As time went on, the leadership in Washington was less committed or concerned with the progress of the project which was basically due to the change in leadership. The Economic Development Administration was also faced with a dilemma of whether to strive to perform and promise since different companies had received loans but had not kept their promise. Many companies did not follow the agreement after receiving the loans. The program was faced with numerous problems such that the number of jobs created was much less than the anticipated at the launch of the program.
After analyzing the implementation of EDA in Oakland, the article makes some recommendations based on the failures of the program. The first recommendation is that, in the implementation of a policy, the implementation and the policy cannot be separated. Policy makers should therefore ensure that implementation is part of the initial policy making process. To reduce delays, the policy makers should formulate means that can be used to accomplish the program and eliminate the possibility of quick decisions in the implementation process.
If the process of making decisions is made simple by making the process simpler, the likelihood of delays and possibility of failure is greatly reduced. The creations of proper machinery in the implementation and execution of the policy is also essential in the success of the program (Hill & Hupe, 2002). The article then relates the analysis of the Oakland scenario with other situations related to the Economic Development Administration such as providing foreign aids. In this situation, there are needs that must be satisfied combined with the need to spend the funds provided in a hurry.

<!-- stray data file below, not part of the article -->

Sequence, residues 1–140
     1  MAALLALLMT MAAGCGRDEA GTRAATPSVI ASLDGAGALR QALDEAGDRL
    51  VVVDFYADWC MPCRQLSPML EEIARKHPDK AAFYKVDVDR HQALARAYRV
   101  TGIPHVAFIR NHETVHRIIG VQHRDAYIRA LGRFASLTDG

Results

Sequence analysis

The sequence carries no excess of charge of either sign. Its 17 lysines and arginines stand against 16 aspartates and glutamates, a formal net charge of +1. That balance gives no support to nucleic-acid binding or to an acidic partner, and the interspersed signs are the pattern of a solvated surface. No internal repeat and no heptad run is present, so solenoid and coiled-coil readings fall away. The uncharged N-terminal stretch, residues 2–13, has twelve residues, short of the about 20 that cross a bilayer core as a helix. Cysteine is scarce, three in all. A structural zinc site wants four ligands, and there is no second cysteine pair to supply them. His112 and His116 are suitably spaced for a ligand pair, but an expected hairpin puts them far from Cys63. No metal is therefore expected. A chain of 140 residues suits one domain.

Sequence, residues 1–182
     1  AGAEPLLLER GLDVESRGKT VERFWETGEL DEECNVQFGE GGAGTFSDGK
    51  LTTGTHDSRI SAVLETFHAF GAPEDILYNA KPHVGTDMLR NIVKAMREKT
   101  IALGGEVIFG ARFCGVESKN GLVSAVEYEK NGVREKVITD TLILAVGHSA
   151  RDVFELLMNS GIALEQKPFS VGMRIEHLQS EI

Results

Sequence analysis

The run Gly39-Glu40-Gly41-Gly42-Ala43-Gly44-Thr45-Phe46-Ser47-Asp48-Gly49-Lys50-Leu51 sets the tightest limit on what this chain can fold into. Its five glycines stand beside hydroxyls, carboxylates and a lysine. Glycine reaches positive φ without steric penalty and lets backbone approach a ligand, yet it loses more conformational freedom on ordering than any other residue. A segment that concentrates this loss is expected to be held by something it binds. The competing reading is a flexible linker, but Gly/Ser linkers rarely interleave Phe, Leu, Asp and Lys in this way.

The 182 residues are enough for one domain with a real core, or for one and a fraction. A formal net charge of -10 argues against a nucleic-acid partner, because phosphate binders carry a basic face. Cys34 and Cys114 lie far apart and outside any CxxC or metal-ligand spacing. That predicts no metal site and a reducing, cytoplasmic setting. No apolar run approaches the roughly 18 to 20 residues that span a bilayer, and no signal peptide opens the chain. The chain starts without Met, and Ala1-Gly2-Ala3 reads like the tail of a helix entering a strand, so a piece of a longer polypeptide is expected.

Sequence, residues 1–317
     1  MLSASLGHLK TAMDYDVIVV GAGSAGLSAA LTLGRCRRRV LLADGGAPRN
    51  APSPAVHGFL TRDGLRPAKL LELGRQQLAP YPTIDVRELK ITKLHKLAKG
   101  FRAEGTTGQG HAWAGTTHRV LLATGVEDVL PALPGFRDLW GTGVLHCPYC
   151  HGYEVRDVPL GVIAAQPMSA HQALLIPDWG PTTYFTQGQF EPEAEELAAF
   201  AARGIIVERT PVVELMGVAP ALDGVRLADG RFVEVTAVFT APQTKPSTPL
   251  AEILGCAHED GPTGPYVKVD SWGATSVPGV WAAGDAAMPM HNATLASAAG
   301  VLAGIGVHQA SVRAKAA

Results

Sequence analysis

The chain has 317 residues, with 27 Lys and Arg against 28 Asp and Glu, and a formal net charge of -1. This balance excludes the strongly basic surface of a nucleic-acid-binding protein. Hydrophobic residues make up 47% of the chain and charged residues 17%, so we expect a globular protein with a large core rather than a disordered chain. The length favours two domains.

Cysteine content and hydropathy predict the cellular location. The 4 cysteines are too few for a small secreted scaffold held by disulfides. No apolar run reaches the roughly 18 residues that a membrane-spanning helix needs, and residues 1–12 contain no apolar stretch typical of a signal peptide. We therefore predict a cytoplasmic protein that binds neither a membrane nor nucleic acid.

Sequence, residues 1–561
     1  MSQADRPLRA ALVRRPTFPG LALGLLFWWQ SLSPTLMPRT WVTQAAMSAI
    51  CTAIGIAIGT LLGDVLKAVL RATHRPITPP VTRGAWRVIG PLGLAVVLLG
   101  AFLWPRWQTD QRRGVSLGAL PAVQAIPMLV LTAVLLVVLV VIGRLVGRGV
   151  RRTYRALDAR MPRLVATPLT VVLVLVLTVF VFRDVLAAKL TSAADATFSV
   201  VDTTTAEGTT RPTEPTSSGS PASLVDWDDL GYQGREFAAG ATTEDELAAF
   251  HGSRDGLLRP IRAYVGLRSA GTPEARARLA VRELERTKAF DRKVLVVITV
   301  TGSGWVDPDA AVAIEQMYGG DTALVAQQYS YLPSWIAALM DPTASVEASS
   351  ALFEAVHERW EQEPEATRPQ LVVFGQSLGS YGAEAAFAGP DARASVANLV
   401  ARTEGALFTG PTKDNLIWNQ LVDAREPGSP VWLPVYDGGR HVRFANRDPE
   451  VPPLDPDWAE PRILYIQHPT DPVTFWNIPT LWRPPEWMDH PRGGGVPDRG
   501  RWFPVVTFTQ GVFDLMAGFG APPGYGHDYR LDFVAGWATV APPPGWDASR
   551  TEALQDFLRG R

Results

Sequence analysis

These need and the pressure therein does not provide the correct atmosphere for the implementation of the policy. The article concludes that combining different decisions in the implementation of a policy has some positive as well as negative outcomes. Therefore if a policy is good and the execution of the program is also good, then the possibility of positive outcome is high. Similarly, if a policy is bad and the execution is poor, the outcome is also positive. However, if there is a combination of good and bad, there is always a problem associated in the implementation and there will be negative outcome.
Rather than the individuals involved in the policy implementation “knowing that” they should be “knowing how” if the implementation has to yield fruits. Having knowledge on the facts and methods of implementing the policy and how to make things happen is equally important (Pressman & Wildavsky, 1984). The two authors, Pressman and Wildavsky make keys suggestions on how policies should be developed. Their suggestions are based on careful analysis of the Oakland Economic Development Administration experimentation.
Although the details is the Oakland project are very interesting to the reader, the way the two authors apply these details to other similar projects in the country is more interesting. Although the project implementation took place over four decades ago, the analysis is still very relevant in administration of programs today. The most important lesson from the article is that policy makers should consider the implementation of the policy as important as policy itself. The article also acknowledges the role of interest groups in the success of any public policy.
Courtney from Study Moose